FY2011 House 2 Budget Recommendation:
Issues in Brief
Deval L. Patrick, Governor
Timothy P. Murray, Lt. Governor
The Administration is dedicated to ensuring the highest quality of health and wellness for each of the Commonwealth’s residents. Individual wellness is determined partly by healthy lifestyles and healthy choices. The Commonwealth strives to provide information and support for each Massachusetts resident to make healthy choices for themselves.
Last year, the Commonwealth took strides to encourage healthy choices and support prevention-focused programs that target the wellness of Massachusetts residents through the repeal of the sales tax exemption on alcohol. The $81 million in revenue collected from this initiative allowed the Commonwealth to continue to provide high levels of substance abuse prevention and intervention funding, despite the fiscal challenges threatening these critical programs.
The Governor’s fiscal year 2011 budget proposes eliminating the exemption for soda and candy. In addition to generating over $50 million for public health programs, the repeal of the sales tax exemption is a critical first step to discouraging the consumption of these unhealthy items. Net proceeds generated from removing these exemptions, as well as the $100 million in sales tax revenues estimated to be collected in fiscal year 2011 from alcohol sold in package stores, will be deposited into the Commonwealth Health and Prevention Fund to support critical public health programs. All other food products that are currently exempt from the sales tax will remain exempt, in line with the exemption’s original intent to ensure the affordability of necessary goods.
Childhood obesity is an epidemic in Massachusetts and the nation. Obesity in children has tripled since 1980. More than half of adults and nearly one in three high school and middle school students are overweight or obese. Consequently, the percentage of adults in Massachusetts with Type 2 diabetes has nearly doubled in the last decade. Diabetes not only causes serious illness and premature death, but also is costly.
Risk Factor Surveillance System 2000-2008.
Bureau of Health Information, Statistics, Research, and Evaluation. Massachusetts Department of Public Health. 2010.
Consumption of candy and soda is on the rise. Per capita candy consumption has increased steadily since the mid-1980s. Candy and soda add significant non-nutritional calories to the diets of Americans and are directly linked to obesity, especially among children. [ Associated Press. Scientists Target Soda as Main Cause of Obesity. 6 March 2006. ] One bottle of soda contains more than double the recommended daily sugar consumption and accelerates associated public health concerns and costs. The daily number of teaspoons of ‘added sugar’ recommended for a healthy diet and weight is between 5 and 9; a 20 ounce bottle of soda alone contains 17 teaspoons of added sugar. Such added sugar intake increases a child’s propensity towards obesity by 60%. [ UCLA Center for Health Policy Research, http://www.vcstar.com/news/2009/sep/17/ucla-study-directly-links-soda-with-obesity/ ] Children and adults who consume calorie-laden ‘junk’ foods have less appetite for healthier foods at meal time, creating a vicious cycle of calorie intake and nutritional deficiencies.
In addition to posting calorie information on the menu boards of chain restaurants and providing parents with the Body Mass Index number of their children, Massachusetts will support various other nutrition and wellness programs via the revenue collected by repealing the sales tax exemption on candy and soda. The Working on Wellness Program, a project that engages public and private employers to establish internal infrastructures to support wellness programs that will improve the overall health and productivity of employees, has expanded to 23 employers reaching over 20,000 Massachusetts workers. These revenues are critical to make further progress in innovative wellness programs and mitigate deeper budgetary reductions in programs that support health and prevention activities.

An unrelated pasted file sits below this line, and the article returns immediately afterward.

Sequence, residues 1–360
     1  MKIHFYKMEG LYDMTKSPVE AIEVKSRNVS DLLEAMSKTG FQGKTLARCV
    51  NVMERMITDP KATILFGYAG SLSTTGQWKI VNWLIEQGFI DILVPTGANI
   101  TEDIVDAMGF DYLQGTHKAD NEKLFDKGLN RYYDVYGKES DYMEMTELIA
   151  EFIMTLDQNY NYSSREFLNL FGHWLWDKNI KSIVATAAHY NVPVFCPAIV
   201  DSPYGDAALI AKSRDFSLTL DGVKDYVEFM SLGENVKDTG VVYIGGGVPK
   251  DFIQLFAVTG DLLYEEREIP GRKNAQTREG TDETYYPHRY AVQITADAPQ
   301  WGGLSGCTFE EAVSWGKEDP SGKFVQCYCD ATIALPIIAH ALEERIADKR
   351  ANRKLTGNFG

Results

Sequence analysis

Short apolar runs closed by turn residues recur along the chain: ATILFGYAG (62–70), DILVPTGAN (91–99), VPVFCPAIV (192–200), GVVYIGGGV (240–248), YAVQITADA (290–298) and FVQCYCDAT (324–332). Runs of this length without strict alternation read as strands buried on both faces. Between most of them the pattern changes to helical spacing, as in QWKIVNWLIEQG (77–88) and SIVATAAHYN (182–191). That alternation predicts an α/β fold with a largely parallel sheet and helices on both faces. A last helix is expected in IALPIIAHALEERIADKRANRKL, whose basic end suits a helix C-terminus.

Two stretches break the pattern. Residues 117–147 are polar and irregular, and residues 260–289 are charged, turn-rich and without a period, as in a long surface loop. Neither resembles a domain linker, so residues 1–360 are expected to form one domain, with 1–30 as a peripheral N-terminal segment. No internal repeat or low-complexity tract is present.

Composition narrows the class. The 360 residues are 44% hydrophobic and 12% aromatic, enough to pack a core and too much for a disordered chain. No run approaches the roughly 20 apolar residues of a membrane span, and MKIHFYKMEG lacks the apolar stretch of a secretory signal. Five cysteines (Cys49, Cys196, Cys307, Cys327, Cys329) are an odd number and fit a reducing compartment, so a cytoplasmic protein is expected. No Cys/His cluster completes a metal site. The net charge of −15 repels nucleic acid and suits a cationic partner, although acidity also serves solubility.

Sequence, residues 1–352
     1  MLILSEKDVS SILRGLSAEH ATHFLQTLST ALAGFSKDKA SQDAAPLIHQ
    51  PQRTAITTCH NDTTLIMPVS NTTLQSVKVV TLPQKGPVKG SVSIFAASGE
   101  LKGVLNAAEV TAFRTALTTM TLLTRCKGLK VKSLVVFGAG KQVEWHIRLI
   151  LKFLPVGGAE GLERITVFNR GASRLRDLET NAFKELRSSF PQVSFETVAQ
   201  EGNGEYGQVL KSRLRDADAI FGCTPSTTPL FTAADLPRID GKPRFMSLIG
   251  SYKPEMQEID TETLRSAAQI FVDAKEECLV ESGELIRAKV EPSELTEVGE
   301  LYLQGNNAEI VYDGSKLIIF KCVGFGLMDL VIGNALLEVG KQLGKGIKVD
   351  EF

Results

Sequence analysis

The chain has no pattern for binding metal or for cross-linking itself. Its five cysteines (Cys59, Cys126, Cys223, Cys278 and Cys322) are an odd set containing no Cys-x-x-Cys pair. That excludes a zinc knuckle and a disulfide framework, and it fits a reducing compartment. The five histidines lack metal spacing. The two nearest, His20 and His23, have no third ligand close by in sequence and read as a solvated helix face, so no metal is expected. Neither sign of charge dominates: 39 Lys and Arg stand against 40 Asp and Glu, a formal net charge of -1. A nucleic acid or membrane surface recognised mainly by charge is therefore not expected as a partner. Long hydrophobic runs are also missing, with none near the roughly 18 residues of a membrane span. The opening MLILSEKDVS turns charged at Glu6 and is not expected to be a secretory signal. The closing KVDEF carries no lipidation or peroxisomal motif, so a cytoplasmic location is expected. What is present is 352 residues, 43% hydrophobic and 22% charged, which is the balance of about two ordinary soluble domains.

Massachusetts joins 40 other states that apply sales taxes to soda and candy products in this effort to promote public health and minimize the escalating costs associated with obesity.
|Regional States That Apply Sales Tax To Candy and Soda|
|Other States That Apply Sales Tax To Candy and Soda|
District of Columbia
Source: The MayaTech Corporation and the Institute for Health Research and Policy, University of Illinois. State Snack and Soda Taxes from 2003-2007: A Public Health Policy Approach to Discouraging Consumption of Snacks and Soda. 2007.
Massachusetts has long been an innovator in health care and public health. The public health programs that serve the people of the Commonwealth reflect the Administration’s commitment to preventative care and wellness services. $151.7 million ($51.7 million of which is new revenue generated from eliminating exemptions on soda and candy, while $100 million is from last year’s repeal of the sales tax exemption for alcohol), will be dedicated to the Commonwealth Health and Prevention Fund. The fund will be used to support critical programs within the Massachusetts Department of Public Health, including:
|Account Distribution||Account No.||% Funded from
|Addiction Control Services||4510-0700||100%||$81,184,876|
|Smoking Prevention and Cessation Programs||4590-0300||90%||$4,725,969|
|Health Promotion, Violence Prevention and Workforce Expansion||4510-2500||83%||$33,520,467|
|Children's Health and Nutrition||4512-0120||83%||$32,268,688|
|Total Wellness Fund Spending||$151,700,000|
Prepared by Kelly Driscoll, Executive Office for Administration and Finance ·
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